RFK Jr. Is Priming His Audience for Election Denialism

In 2006, Robert F. Kennedy Jr. thought he was on to something big. In an article for Rolling Stone, he argued that the 2004 election had been rigged to guarantee a George W. Bush victory, wrongly denying Democratic candidate John Kerry his place in the Oval Office. Citing research from a visiting scholar at the University of Pennsylvania, Kennedy argued that a discrepancy between exit polls and actual vote counts, along with voter disenfranchisement in Ohio, constituted likely proof of a concerted effort to unlawfully install Bush in office.

“Despite the media blackout, indications continued to emerge that something deeply troubling had taken place in 2004,” Kennedy wrote.

In fact, there was no media blackout, and 2004 election conspiracy theories were, if anything, somewhat mainstream. Mother Jones published a story about them in November 2005, and Christopher Hitchens did so in Vanity Fair even earlier, in March 2005. Many disappointed Democrats shared broad suspicions about the fairness of the whole process. Shortly after the election, Senate Judiciary Democrats even demanded an investigation into alleged voting irregularities, showing how loud and sustained those allegations were.

But Kennedy held himself out as the lone man asking the hard questions, a tactic he’s used throughout his entire career. And now, in his quest for the presidency, he’s doing so again. The arc of his campaign clearly shows that he’s laid the groundwork for his supporters to blame his inevitable loss on an elite conspiracy; it seems perhaps reasonable to ask whether Kennedy’s team or supporters will question some aspects of the results of the 2024 election.

The Kennedy campaign told WIRED it will not. “Mr. Kennedy believes that his opponents’ tactics are unscrupulous and anti-Democratic, but that they do not fit the definition of fraud,” spokesperson Stefanie Spear wrote in an emailed statement. “He has no plans to contest the election results.”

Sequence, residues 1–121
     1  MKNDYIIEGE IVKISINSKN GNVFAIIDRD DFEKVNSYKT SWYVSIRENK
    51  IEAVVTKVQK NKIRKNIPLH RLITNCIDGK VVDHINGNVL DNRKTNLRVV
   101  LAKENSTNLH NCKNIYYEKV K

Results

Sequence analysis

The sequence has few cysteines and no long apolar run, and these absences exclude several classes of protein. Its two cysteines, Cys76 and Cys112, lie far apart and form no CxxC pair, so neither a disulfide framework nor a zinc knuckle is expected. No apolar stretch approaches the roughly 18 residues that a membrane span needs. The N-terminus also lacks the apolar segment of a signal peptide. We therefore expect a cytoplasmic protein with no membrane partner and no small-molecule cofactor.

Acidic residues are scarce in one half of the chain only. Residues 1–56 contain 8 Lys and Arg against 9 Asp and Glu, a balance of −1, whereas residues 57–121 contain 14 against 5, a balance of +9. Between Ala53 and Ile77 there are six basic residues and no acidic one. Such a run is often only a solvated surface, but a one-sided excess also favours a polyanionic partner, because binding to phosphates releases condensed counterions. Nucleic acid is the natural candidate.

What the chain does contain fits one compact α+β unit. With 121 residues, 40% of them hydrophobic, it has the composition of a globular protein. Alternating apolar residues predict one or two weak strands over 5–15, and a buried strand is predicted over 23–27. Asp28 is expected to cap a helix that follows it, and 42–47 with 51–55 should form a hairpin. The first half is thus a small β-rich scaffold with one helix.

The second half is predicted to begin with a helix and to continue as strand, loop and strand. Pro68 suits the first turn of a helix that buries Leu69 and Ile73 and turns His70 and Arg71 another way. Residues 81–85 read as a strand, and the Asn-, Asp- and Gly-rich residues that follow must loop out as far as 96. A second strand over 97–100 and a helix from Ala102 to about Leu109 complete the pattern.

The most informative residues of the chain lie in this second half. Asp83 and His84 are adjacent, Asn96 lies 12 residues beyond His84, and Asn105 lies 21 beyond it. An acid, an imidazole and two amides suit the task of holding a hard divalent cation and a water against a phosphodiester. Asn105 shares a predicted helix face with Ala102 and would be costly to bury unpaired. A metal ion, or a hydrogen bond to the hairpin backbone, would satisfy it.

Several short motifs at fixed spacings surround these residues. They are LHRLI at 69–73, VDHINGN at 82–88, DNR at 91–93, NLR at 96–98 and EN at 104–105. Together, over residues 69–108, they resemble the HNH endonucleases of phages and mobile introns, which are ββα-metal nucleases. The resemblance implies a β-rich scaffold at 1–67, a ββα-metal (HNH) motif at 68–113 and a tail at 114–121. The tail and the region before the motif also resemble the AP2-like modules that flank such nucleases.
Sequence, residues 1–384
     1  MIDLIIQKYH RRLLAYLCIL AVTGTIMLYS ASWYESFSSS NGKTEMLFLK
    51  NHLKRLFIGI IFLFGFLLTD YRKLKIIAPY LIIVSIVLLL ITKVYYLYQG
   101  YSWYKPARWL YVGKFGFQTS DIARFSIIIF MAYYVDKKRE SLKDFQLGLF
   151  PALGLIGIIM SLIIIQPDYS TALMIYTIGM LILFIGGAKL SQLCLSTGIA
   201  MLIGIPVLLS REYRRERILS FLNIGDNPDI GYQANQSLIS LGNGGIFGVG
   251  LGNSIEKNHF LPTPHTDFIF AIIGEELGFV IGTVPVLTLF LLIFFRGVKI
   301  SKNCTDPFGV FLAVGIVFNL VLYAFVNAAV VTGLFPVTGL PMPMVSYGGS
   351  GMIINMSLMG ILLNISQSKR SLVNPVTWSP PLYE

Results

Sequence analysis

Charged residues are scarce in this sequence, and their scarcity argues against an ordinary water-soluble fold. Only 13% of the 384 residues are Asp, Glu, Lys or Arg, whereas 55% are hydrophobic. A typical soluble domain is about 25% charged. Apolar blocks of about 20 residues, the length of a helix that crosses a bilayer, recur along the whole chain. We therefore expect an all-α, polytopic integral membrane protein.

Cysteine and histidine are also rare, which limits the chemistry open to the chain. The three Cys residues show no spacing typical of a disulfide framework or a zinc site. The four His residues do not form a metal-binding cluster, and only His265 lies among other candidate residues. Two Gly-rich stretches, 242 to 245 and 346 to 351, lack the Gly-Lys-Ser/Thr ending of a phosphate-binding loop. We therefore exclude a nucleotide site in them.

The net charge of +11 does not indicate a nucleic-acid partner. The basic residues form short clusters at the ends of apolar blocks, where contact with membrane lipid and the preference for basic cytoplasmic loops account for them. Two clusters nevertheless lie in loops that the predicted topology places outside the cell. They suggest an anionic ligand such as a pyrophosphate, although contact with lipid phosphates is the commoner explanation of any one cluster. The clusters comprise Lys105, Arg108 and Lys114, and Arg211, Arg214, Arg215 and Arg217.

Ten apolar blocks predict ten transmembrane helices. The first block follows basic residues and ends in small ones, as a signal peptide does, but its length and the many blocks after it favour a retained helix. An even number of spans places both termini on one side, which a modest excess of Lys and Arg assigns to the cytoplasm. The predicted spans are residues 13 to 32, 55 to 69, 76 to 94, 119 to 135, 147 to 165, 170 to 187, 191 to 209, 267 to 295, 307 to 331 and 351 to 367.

But whether or not Kennedy himself actually does so is in some ways beside the point—he’s already benefiting from the existence of a truthering style he helped pioneer.

During his candidacy, Kennedy hasn’t shied away from extreme claims of political corruption and revisionist history. He has significantly downplayed the riot on January 6, 2021; in a fundraising email, his campaign referred to those arrested as “activists” who had been “stripped of their constitutional liberties,” and he falsely claimed in a statement that they were not carrying weapons. “I have not examined the evidence in detail,” he wrote, “but reasonable people, including Trump opponents, tell me there is little evidence of a true insurrection.” (After an outcry, Kennedy walked those remarks back, calling them “a mistake,” and specifically admitted that the claim that the rioters carried no weapons was incorrect.)

Connections with election deniers and January 6 supporters also keep popping up throughout Kennedy’s team. The campaign fired a New York campaign consultant, Rita Palma, after CNN reported that she’d attended the “Stop the Steal” rally on January 6 that preceded the riots, and had encouraged voters to support Kennedy in New York because it would help Donald Trump’s reelection. The campaign did not, however, denounce her rally attendance; Kennedy’s campaign manager and daughter-in-law, Amaryllis Fox, said it fired her for “misrepresentation” after she claimed to be the New York state campaign director.